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IBM's Cloud CTO Hints At What's To Come

As IBM's recently named cloud computing CTO, Kristof Kloeckner has had four months to craft a cloud computing strategy, and it's becoming clear that IBM's plans go well beyond what the company has delivered so far. "We see huge opportunity in this space," Kloeckner told me during a visit to Big Blue's headquarters.
As IBM's recently named cloud computing CTO, Kristof Kloeckner has had four months to craft a cloud computing strategy, and it's becoming clear that IBM's plans go well beyond what the company has delivered so far. "We see huge opportunity in this space," Kloeckner told me during a visit to Big Blue's headquarters.IBM's not quite ready to divulge all of the details about its cloud computing plans, but, in talking about the emerging market, Kloeckner describes services and business scenarios that would be transformative. Examples: customer data clouds in the retail industry, risk management clouds in finance, and medical imaging clouds in health care. These would be partner clouds of data and applications--Kloeckner refers to them as "ecosystems"--with built-in analytics capabilities.

In a related but different concept, Kloeckner talks of shared, semi-private clouds that might be hosted by a cloud service provider (think IBM) rather than the companies using the cloud. Customers are telling IBM that "we want a shared infrastructure, but we don't want it as open as Amazon," he says.

IBM announced the formation of a cloud computing group in February. It's led by VP of strategy Erich Clementi, who reports to CEO Sam Palmisano. Kloeckner moved over from IBM's Software Group, where he was VP of strategy and technology. In his new position (his formal title is CTO of enterprise initiatives and VP of cloud computing platforms), Kloeckner has formed an architectural board with representatives from the company's software, services, hardware, and research divisions. That's significant because it suggests that IBM's cloud offerings will be represented from all parts of the company, not be a narrow product set from one division. "We believe cloud computing is going to have an impact on each and every one of our brands," says Kloeckner.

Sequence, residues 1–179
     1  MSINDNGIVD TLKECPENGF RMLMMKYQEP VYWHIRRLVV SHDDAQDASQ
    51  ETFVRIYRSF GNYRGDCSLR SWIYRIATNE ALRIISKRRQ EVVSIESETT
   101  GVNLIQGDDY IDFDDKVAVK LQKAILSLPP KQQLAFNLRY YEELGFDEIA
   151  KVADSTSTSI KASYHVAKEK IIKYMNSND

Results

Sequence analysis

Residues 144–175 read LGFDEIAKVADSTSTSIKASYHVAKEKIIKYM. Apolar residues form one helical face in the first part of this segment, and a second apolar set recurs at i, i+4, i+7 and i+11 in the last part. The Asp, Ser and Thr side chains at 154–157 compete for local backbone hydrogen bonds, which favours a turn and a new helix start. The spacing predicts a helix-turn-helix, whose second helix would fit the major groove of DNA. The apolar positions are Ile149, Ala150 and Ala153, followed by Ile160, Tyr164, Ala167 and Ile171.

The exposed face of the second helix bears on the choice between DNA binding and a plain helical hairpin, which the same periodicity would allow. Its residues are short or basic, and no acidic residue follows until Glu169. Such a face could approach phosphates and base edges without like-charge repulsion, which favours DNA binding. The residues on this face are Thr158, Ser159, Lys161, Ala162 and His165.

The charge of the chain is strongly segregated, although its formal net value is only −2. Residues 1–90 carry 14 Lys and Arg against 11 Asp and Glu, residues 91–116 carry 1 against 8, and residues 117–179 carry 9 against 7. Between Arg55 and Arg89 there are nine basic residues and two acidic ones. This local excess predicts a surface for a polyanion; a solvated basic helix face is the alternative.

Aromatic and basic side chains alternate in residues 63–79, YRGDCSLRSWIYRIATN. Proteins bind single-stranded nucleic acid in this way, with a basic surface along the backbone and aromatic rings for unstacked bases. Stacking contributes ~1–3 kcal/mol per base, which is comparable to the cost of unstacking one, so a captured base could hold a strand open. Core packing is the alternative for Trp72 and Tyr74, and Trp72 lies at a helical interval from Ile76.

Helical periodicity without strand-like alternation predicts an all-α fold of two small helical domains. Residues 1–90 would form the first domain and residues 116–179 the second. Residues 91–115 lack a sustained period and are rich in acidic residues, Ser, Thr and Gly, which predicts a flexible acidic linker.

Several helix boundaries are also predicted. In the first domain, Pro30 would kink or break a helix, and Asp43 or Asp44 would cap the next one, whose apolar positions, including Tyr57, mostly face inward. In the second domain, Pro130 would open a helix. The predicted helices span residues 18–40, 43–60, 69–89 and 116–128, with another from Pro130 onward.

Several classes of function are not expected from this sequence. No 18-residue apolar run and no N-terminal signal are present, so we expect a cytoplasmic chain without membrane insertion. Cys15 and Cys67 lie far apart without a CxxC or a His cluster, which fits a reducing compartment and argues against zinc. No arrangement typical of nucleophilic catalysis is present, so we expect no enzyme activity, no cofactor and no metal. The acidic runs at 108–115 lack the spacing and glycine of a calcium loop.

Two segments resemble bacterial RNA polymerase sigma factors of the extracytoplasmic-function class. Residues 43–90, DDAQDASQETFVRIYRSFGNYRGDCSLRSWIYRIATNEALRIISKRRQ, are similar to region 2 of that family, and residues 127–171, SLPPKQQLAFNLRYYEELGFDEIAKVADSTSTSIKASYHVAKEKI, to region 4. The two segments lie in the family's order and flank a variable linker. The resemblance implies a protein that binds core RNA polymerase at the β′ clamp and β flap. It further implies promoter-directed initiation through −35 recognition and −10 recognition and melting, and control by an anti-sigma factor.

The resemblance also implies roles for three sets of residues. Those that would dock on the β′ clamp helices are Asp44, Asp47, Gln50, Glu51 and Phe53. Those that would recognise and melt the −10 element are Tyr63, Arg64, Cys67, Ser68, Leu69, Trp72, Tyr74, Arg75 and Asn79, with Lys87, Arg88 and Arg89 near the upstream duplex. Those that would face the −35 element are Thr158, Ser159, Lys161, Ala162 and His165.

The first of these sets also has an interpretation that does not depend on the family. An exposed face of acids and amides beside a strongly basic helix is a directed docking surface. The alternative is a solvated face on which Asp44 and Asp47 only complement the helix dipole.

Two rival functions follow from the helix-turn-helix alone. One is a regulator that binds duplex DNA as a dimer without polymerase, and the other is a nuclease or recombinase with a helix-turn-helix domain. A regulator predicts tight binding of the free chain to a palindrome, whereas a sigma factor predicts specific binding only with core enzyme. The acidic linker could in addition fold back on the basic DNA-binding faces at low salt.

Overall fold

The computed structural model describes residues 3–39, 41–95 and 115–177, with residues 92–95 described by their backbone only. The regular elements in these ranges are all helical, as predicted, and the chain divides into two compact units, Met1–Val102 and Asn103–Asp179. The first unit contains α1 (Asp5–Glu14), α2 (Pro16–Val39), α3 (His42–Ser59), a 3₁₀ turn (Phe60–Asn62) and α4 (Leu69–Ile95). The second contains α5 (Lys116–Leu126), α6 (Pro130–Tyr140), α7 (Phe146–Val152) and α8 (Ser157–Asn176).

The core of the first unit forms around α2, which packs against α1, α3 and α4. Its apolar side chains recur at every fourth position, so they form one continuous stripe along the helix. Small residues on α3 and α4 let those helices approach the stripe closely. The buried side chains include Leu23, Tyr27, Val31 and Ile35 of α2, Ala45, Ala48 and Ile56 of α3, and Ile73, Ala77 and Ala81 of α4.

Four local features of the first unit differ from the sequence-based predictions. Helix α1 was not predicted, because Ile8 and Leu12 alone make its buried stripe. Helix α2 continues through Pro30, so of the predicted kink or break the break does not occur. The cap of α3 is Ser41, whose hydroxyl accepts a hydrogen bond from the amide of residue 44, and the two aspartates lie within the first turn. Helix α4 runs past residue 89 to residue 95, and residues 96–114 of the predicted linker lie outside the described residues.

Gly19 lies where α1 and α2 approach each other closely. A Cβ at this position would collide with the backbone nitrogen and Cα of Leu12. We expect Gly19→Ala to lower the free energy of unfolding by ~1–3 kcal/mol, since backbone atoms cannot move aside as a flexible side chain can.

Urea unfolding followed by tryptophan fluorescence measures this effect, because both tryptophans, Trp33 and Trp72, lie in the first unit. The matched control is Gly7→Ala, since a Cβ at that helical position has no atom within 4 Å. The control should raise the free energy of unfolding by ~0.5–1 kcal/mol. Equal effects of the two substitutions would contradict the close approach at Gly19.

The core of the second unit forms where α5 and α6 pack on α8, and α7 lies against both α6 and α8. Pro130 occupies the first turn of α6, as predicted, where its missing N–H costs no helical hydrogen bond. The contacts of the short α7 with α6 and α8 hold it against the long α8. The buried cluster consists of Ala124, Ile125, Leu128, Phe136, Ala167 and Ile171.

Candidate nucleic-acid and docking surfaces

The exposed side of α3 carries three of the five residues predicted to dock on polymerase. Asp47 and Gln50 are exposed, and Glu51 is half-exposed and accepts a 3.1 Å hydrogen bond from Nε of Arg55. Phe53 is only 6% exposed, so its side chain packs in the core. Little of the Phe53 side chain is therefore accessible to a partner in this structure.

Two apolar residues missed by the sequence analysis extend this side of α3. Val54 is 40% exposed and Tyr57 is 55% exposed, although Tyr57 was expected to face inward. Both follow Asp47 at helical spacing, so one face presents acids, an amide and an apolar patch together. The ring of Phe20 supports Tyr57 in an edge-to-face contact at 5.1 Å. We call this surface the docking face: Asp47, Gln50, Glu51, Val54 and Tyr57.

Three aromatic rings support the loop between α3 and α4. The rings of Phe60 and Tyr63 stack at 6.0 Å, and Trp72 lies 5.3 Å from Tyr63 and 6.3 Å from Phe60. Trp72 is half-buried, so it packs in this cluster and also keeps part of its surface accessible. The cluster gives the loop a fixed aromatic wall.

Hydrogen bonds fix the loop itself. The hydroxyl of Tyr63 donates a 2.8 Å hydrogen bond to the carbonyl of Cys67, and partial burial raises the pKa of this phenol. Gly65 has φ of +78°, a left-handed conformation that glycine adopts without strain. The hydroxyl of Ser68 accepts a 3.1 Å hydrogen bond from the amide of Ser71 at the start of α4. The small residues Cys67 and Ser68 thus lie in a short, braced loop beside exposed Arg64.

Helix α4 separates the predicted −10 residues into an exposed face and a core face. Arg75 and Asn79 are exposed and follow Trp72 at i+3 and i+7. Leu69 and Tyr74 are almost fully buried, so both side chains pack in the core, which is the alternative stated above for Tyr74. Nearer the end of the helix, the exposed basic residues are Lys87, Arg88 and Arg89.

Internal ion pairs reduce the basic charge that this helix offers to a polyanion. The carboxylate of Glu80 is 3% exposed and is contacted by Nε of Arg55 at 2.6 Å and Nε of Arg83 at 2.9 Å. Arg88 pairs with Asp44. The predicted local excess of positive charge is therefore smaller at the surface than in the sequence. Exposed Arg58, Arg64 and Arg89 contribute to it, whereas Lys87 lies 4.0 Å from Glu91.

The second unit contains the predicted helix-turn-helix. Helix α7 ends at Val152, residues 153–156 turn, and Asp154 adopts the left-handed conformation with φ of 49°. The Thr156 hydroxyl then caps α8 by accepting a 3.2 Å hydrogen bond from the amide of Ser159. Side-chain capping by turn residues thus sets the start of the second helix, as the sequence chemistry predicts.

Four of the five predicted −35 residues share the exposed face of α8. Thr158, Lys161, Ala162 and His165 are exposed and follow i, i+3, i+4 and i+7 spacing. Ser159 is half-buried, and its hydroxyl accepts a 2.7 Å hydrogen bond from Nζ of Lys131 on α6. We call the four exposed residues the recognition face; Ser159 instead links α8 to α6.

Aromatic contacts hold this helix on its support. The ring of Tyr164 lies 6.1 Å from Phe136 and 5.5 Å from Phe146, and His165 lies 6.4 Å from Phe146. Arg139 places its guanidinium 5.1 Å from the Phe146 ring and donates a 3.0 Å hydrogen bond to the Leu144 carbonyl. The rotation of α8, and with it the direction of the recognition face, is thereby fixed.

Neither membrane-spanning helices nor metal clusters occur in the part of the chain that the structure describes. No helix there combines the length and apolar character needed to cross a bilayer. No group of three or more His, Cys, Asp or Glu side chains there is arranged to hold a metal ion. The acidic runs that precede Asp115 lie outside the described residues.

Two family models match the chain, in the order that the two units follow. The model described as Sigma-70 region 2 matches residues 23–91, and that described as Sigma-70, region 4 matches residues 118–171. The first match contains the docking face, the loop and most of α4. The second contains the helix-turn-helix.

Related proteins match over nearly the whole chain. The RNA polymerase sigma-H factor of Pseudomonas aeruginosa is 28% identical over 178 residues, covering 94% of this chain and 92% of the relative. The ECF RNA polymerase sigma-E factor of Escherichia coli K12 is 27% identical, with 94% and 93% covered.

How will IBM's cloud computing products and services be different from what the company already sells? Kloeckner admits that some of the technologies are familiar but says they're being assembled and delivered in new ways, and of course new technologies are part of it, too. The primary characteristics of cloud computing, he says, are self-service, flexible economics, and scalability. "I think the game changer is self-service," Kloeckner says. "I can't over emphasize self-service and flexible delivery modes."

Big Blue has 9 million square feet of data center space, and much of its early work in the cloud has been done in its own data centers, where IBM stands to benefit. Cloud computing promises to address a "crisis of complexity" in IT infrastructures and harness out-of-control management and energy costs, Kloeckner says. If it works as envisioned, cloud computing will transform not just IT departments, but how companies are organized and how they conduct business, he adds.

A few months ago, I described IBM's cloud strategy as being "half baked." Look for IBM to answer that criticism with a more complete set of public and private cloud offerings sometime soon.